In In re Beaver Dam Grain, Inc., 43 B.R. 283, 285 (Bkrtcy.W.D.Ky. 1984), the court considered a case in which a security agreement and financing statement covering certain goods arose between two parties, one of which controlled the debtor. The other party sold goods to the debtor. Three years after the filing, the party controlling the debtor transferred its operations to an unrelated entity. The unrelated entity was not a party to the security agreement or the financing statement, but the seller continued to sell goods to the debtor. The court ruled that the seller's security interest in the goods it sold to the debtor never attached because there was no agreement between the parties.

In coming to this conclusion the court cited with approval both Matter of Serrins Automotive Warehouse, Inc., 18 B.R. 718 (Bkrtcy.W.D.Pa. 1980) and In re Kittyhawk Television Corp., 516 F.2d 24 (6th Cir. 1975), inter alia, for the proposition that transferring title to collateral or changing the name or form of the debtor's corporate structure does not destroy a perfected security interest. The court pointed out that in such cases courts have "...allowed a security interest to be asserted against a 'successor' entity because it was merely the original debtor with a new name." The court also agreed that security interests remain valid "...where the original debtor had changed only its legal business form or both its name and form." Id, at page 285.

In the case at bar this Court is not faced with completely unrelated entities, or with a change in the name or form of corporate structure. However, the Court believes that the second scenario is more applicable. The debtor herein was the incorporator and sole shareholder of the corporate debtor. The security agreement and financing statement clearly referred to the debtor's dental practice. The connections are many and consistent. Third parties could not fail to be put on notice that the Bank was claiming a security interest in personal property of the debtor as it related to his dental practice, whether he was identified as an individual or a PSC.

It therefore appears to this Court that a security interest attached in all the items covered by the security agreement. However, this Court further concludes that the Bank did not properly perfect its security interest in the items covered by the security agreement. In 1989, when the security agreement was filed, KRS 355.9-401 was in its present form, having been amended in 1987, and it provides in pertinent part as follows:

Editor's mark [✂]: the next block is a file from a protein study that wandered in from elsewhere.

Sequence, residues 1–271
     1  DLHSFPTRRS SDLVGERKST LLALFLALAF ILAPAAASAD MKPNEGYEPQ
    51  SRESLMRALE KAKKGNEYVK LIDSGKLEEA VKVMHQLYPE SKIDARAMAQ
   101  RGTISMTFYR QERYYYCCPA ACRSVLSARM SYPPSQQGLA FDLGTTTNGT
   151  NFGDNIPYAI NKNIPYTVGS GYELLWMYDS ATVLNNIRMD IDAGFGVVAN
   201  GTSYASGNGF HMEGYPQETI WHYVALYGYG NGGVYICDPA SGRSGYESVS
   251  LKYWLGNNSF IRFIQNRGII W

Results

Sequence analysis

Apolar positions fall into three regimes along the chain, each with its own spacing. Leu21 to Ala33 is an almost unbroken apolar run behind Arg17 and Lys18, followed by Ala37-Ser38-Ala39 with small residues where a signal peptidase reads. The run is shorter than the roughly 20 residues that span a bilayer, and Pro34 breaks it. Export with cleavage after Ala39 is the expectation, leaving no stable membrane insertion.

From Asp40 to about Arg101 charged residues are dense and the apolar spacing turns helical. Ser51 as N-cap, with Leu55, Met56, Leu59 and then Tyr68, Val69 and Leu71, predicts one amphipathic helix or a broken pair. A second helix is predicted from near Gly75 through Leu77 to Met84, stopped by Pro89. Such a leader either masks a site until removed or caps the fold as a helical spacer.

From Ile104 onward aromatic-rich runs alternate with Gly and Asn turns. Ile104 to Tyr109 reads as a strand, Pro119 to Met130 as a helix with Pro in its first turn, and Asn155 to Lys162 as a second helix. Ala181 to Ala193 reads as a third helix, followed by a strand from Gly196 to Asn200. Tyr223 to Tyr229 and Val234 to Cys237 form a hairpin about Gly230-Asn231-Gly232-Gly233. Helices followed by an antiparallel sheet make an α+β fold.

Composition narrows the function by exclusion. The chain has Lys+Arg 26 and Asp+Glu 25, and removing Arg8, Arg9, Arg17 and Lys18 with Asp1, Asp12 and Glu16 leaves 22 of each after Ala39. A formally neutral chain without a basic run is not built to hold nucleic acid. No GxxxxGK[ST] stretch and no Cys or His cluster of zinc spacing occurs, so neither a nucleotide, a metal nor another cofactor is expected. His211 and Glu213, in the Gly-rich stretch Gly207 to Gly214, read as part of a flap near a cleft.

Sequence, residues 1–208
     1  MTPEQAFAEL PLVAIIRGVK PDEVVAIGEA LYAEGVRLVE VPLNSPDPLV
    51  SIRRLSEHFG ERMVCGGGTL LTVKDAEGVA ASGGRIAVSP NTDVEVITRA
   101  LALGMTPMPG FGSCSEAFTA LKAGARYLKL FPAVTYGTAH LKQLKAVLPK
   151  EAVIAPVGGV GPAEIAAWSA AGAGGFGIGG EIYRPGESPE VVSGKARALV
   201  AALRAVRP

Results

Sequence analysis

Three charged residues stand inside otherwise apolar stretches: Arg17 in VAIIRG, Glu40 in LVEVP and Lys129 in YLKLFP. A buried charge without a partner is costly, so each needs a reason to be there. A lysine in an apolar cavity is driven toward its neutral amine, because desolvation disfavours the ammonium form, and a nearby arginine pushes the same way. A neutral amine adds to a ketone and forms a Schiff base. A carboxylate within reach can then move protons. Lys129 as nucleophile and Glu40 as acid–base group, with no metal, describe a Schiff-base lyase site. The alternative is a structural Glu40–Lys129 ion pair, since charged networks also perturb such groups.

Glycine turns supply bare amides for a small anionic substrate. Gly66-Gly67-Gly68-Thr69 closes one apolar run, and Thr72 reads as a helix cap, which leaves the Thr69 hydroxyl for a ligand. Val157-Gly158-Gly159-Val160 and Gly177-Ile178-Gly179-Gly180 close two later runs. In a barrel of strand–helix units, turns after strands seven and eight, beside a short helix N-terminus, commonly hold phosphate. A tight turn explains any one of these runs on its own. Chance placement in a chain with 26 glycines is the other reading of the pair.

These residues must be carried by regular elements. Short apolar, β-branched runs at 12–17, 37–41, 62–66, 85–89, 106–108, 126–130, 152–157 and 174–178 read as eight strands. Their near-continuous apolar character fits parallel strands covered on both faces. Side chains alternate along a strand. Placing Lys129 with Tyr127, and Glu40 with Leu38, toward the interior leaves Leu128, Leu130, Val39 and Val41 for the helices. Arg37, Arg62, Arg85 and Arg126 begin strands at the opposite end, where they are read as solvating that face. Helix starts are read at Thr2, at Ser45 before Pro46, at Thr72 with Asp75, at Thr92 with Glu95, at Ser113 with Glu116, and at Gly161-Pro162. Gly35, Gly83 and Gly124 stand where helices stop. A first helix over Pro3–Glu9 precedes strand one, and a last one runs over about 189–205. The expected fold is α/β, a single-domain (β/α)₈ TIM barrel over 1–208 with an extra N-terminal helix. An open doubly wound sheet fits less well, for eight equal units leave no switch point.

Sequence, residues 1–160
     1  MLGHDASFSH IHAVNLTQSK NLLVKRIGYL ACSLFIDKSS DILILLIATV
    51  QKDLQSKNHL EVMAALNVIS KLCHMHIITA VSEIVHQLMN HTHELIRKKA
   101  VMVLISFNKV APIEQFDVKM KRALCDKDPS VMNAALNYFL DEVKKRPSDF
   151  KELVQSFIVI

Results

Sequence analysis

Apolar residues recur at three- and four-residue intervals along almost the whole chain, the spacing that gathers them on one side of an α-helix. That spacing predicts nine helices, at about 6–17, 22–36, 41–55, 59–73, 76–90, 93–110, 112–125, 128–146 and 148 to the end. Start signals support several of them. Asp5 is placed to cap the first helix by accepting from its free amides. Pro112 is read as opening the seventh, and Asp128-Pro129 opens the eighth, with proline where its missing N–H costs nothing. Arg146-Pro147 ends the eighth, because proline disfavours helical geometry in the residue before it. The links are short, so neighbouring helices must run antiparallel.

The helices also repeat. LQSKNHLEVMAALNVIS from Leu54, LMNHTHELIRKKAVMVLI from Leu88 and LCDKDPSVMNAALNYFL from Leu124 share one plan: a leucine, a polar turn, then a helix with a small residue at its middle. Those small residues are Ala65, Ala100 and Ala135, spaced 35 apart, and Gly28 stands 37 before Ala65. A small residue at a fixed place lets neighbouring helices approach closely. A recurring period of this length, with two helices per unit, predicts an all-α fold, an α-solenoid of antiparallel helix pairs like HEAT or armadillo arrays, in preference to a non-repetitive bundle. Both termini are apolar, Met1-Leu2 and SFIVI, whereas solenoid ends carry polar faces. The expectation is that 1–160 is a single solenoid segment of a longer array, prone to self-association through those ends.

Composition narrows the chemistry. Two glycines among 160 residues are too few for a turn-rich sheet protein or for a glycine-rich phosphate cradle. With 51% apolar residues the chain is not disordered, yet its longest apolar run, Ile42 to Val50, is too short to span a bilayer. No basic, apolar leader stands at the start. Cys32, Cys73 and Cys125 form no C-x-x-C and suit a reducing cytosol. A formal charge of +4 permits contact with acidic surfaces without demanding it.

(1) The proper place to file in order to perfect a security interest is as follows:


(c) In all other cases, if the debtor is a resident of this state in the office of the county clerk in the county of the debtor's residence...


(5) For purposes of this section:

(1) An individual for whom filing is controlled by subsection (1)(c) of this section shall be deemed a resident of the county in which the debtor's principal place of business in this state is located.

It is uncontroverted that the debtor's principal place of business was in Pike County. This is true whether in reference to the individual debtor or the corporate debtor. As set out above, the individual debtor, Marvin Thomas Bush, is a dentist who practices his profession in Pike County. The security agreement concerns equipment and accounts of the dental practice in the Pike County location. The proper place for filing the financing statement was Pike County.

In consideration of all of the above, it is therefore the opinion of this Court that the rights and powers of the Trustee pursuant to 11 U.S.C. '544(a) place the Trustee in a position superior to the unperfected lien of defendant First National Bank of Pikeville as regards the items of personal property set out in the subject security agreement. An order in conformity with this opinion will be entered separately.


By the Court -






Copies to:


James B. Ratliff, Esq.

H. Edward Maddox, Esq.